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SharkBot Malware Hides as Android Antivirus in Google Play

SharkBot Malware Hides as Android Antivirus in Google Play

SharkBot banking malware has infiltrated the Google Play Store, the official Android app repository, posing as an antivirus with system cleaning capabilities.

Although the trojan app was far from popular, its presence in Play Store shows that malware distributors can still bypass Google’s automatic defenses. The app is still present in Google’s store at the moment of writing.

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The laced Android application that carries SharkBot
The laced Android application that carries SharkBot
Publisher details on the Play Store
Publisher details on the Play Store

SharkBot was discovered in Google Play by researchers at the NCC Group, who today published a detailed technical analysis of the malware.

What can SharkBot do?

The malware was first discovered by Cleafy in October 2021. Its most significant feature, which set it apart from other banking trojans, was transfering money via Automatic Transfer Systems (ATS). This was possible by simulating touches, clicks, and button presses on compromised devices.

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NCC reports that the money transfer feature is still available in the latest version but used only in some cases of advanced attacks.

The four primary functions in SharkBot’s latest version are:

  • Injections (overlay attack): SharkBot can steal credentials by showing web content (WebView) with a fake login website (phishing) as soon as it detects the official banking app opened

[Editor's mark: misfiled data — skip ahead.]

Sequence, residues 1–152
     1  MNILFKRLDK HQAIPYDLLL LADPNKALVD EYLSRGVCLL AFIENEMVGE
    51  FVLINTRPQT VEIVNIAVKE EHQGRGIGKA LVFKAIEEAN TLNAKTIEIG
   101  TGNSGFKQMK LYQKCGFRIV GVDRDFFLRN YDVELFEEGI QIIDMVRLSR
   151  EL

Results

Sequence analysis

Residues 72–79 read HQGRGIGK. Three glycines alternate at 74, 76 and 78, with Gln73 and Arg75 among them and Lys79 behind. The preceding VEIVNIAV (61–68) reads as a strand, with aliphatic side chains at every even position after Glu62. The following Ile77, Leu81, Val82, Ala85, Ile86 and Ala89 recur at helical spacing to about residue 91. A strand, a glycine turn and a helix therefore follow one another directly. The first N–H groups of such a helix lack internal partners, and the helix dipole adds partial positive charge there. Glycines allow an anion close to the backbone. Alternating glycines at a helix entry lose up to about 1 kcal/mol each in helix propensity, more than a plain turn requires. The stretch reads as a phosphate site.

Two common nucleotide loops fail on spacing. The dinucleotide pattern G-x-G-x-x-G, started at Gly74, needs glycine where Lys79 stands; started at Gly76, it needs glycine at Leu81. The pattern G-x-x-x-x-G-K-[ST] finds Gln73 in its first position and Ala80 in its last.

• Keylogging: Sharkbot can steal credentials by logging accessibility events (related to text fields changes and buttons clicked) and sending these logs to the command and control server (C2)
  • SMS intercept: Sharkbot can intercept/hide SMS messages.
  • Remote control/ATS: Sharkbot has the ability to obtain full remote control of an Android device (via Accessibility Services).

To perform the above, SharkBot abuses the Accessibility permission on Android and then grants itself additional permissions as needed.

This way, SharkBot can detect when the user opens a banking app, performs the matching web injections, and steals the user’s credentials.

The malware can also receive commands from the C2 server to execute various actions such as:

  • Send SMS to a number
  • Change SMS manager
  • Download a file from a specified URL
  • Receive an updated configuration file
  • Uninstall an app from the device
  • Disable battery optimization
  • Display phishing overlay
  • Activate or stop ATS
  • Close a specific app (like an AV tool) when the user attempts to open it

Replying to notifications

One of the notable differences between SharkBot and other Android banking trojans is the use of the relatively new components that leverages the ‘Direct reply’ feature for notifications.

SharkBot can now intercept new notifications and reply to them with messages coming directly from the C2.

The code for the auto-reply function
The code for the auto-reply function (NCC Group)

As noted in the NCC report, SharkBot uses this feature to drop feature-rich payloads onto the compromised device by replying with a shortened URL.

The initial SharkBot dropper app contains a light version of the actual malware to reduce the risk of detection and app store rejections.

Through the ‘auto reply’ feature, a fully-fledged version of SharkBot featuring ATS is fetched directly from the C2 and installed automatically on the device.

Decrypted C2 response commanding the download of the payload
Decrypted C2 response commanding the download of the payload (NCC Group)

The C2 relies on a DGA (domain generation algorithm) system that makes it more difficult to detect and block the SharkBot command-issuing domains.

To protect yourself from dangerous trojans like SharkBot, never blindly trust any apps on the Play Store, and try to keep installed apps on your device at a minimum.

If you’re looking for an Android antivirus, there are several trustworthy vendors who offer their tools for free.



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